If your child is struggling with letter reversals and is between the ages of three and seven and is just beginning to read this is considered quite normal. A letter confusion or reversal problem does not necessarily mean your child has dyslexia or a reading disability. But if your child is seven to eight years old or older and has had reading instruction, and is making frequent reversal errors, this may be a problem. It is important to take steps to solve the letter confusion.
Parents and teachers have two jobs to do regarding letter reversals:

1.   Try to prevent confusion.
2.   Where confusion exists, resolve it.

Preventing Letter Confusion Before It Begins

One of the first ways to help children avoid letter confusion is to make sure the child is forming his or her letters correctly. When your child is learning to print, teachers need to be sure to teach correct letter formation. When children habitually form letters incorrectly this sends confusing messages to the brain. 

According to a very interesting article by Betty Sheffield in the Annals of Dyslexia   "The  special needs of left-handed children and dyslexic children are seldom addressed. Yet, these children need to be taught handwriting meticulously. When forming the letter b, start with the stick first, followed by the circle. The star indicates the starting position.

To write the letter d, start with the circle first, followed by the stick. Again, the star indicates the starting position. If a child has been forming letters incorrectly it might take a while to retrain the brain. For this reason, a teacher or parent should supervise handwriting practice and not just leave a child alone to practice to avoid forming letters incorrectly.

Strategies to help solve reversal problems

When children are writing I teach them to self-talk. For the b we say “go down back up and around.” For the d we say “push like for a c, go up, then back down.
These strategies can help any reversal problem, but I will concentrate on b and d because they are the most common letters which cause confusion.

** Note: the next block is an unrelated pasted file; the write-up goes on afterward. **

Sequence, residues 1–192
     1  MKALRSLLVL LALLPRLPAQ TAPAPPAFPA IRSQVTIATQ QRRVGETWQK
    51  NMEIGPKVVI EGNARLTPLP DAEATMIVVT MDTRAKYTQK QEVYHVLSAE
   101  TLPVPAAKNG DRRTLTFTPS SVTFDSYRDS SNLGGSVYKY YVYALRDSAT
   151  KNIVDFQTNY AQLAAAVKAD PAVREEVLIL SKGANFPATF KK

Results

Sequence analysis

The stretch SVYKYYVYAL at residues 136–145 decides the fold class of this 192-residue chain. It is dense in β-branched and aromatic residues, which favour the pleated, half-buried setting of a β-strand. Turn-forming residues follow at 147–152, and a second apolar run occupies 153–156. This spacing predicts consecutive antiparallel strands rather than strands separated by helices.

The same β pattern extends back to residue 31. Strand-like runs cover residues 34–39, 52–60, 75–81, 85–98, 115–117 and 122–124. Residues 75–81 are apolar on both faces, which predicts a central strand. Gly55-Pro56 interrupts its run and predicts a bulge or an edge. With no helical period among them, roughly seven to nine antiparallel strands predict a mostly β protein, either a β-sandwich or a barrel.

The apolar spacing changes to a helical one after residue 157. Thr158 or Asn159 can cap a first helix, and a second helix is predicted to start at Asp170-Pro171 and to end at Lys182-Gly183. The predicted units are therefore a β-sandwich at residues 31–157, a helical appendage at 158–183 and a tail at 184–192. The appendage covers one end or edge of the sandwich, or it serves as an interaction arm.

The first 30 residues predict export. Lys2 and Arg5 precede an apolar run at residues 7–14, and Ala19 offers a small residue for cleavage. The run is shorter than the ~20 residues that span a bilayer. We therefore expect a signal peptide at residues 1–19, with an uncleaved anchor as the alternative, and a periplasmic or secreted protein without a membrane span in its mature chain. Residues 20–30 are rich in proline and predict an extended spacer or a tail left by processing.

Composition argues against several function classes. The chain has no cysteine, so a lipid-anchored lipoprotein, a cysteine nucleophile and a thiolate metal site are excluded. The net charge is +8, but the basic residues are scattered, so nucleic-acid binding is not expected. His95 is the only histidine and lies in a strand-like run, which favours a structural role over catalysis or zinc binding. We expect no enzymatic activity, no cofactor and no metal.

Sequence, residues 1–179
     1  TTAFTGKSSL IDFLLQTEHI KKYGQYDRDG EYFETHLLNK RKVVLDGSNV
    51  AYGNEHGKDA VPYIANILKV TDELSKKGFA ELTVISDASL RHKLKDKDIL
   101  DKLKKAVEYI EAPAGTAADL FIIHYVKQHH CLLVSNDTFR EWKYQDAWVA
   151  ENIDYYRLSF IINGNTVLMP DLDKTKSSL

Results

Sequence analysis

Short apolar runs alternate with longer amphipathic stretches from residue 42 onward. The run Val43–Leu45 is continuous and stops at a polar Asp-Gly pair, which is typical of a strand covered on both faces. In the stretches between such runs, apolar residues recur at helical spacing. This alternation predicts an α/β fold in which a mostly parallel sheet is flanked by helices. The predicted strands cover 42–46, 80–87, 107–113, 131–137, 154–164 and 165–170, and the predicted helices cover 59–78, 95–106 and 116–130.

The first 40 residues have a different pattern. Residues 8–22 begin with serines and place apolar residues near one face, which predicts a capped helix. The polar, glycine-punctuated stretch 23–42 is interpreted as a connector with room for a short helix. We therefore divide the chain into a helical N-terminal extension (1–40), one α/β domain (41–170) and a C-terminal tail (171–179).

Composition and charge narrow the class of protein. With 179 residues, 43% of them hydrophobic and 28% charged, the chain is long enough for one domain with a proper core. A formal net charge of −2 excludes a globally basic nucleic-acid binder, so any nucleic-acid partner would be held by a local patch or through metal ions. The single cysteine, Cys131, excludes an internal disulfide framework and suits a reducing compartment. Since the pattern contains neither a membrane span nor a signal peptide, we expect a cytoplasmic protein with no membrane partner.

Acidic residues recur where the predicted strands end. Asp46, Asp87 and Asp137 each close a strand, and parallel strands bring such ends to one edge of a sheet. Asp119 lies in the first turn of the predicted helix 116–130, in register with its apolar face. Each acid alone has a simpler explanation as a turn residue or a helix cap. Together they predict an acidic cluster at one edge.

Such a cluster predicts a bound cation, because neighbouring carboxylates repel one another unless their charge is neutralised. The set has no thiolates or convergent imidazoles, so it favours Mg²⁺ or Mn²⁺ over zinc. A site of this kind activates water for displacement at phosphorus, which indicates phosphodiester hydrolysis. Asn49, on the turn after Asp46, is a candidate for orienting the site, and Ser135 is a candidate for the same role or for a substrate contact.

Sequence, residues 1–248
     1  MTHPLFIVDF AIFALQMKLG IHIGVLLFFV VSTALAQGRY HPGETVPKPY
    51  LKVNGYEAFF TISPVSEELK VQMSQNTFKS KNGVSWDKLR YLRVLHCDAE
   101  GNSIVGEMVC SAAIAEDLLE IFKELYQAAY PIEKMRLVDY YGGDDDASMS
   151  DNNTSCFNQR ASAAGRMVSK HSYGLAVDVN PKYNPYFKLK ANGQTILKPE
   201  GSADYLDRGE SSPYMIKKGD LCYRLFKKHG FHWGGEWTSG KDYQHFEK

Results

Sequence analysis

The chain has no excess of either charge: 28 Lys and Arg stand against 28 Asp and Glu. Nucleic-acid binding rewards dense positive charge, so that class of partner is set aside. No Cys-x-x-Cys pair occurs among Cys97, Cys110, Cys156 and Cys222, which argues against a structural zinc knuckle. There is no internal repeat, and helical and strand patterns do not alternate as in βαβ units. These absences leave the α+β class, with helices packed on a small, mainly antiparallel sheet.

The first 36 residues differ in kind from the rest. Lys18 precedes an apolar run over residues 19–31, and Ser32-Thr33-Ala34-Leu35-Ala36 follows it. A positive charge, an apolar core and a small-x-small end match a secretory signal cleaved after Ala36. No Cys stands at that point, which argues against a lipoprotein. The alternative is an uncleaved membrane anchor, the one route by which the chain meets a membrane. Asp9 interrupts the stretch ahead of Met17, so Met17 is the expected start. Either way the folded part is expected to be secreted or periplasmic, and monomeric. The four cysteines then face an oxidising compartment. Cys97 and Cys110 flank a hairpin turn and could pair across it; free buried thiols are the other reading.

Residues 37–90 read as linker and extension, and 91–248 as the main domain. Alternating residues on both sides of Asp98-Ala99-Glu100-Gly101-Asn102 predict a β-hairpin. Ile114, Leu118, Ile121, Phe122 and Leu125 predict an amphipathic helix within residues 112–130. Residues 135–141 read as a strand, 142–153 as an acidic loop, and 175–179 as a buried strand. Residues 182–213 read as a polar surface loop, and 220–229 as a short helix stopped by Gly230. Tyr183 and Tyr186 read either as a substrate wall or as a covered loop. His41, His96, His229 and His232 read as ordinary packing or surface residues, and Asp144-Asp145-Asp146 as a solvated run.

Strategy 1: Use the sense of feeling

 Get students to feel the difference by using tactile surfaces such as salt trays, gel boards or sand paper letters. Using the pointer finger of his dominant hand, have your child trace the letter b on the textured surface or in a salt tray like the one shown. Be sure that he starts and ends in the correct place. Practice until he can easily write the letter b.

Strategy 2: Use “air writing” 

Another powerful method for correcting letter reversals is “air writing.” Air writing is simple: using the writing hand, the child uses his hand and arm to write letters in the air as he says the sound of the letter. The child uses his hand like a pen.
Saying the sound and using the major muscle groups to “write” the letter  this is a very helpful multisensory activity. It develops a students ability to mentally visualize the letter.

Strategy #3: Use mnemonics.

Some children are helped by first the bat and then the ball. Others find it helpful to remember b is the first letter of bed and d is the last letter.

Strategy #4: Use the shape of the mouth and tongue.
d mouth
b mouth

When we say /b/, our lips come together in a straight line. Point out that the straight line comes first when you write the letter b.

When we say /d/, our lips are open, and we curl our tongue and tap the roof our mouths. Our tongue makes a circle. Just like, the circle comes first when you write letter d.  Helping students become aware of these differences when they say the sounds can help.

Use Games to Practice, Practice, Practice

It is important to give students enough multisensory practice to become fluent in telling the difference between these letters so that this confusion does not slow down reading fluency. Another resource filled with fun games to do this practice is the B and D reversals activity pack that I use with my students who struggle.  Here is a maze game for practicing this concept.

 I designed a complete pack of activities to help children practice mastering this concept. You can get it here.

Article Cited: Handwriting: A neglected cornerstone of literacy

Annals of Dyslexia, 1996, Volume 46, Number 1, Page 21
Betty Sheffield